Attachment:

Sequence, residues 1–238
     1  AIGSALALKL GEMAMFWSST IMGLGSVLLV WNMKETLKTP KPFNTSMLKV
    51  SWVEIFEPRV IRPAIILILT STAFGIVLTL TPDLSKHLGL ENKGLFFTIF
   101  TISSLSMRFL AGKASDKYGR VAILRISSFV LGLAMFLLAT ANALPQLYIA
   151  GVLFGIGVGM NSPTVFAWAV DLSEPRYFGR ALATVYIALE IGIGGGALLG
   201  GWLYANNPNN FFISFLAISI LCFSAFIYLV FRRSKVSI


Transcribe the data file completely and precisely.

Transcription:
Sequence, residues 1–238
     1  AIGSALALKL GEMAMFWSST IMGLGSVLLV WNMKETLKTP KPFNTSMLKV
    51  SWVEIFEPRV IRPAIILILT STAFGIVLTL TPDLSKHLGL ENKGLFFTIF
   101  TISSLSMRFL AGKASDKYGR VAILRISSFV LGLAMFLLAT ANALPQLYIA
   151  GVLFGIGVGM NSPTVFAWAV DLSEPRYFGR ALATVYIALE IGIGGGALLG
   201  GWLYANNPNN FFISFLAISI LCFSAFIYLV FRRSKVSI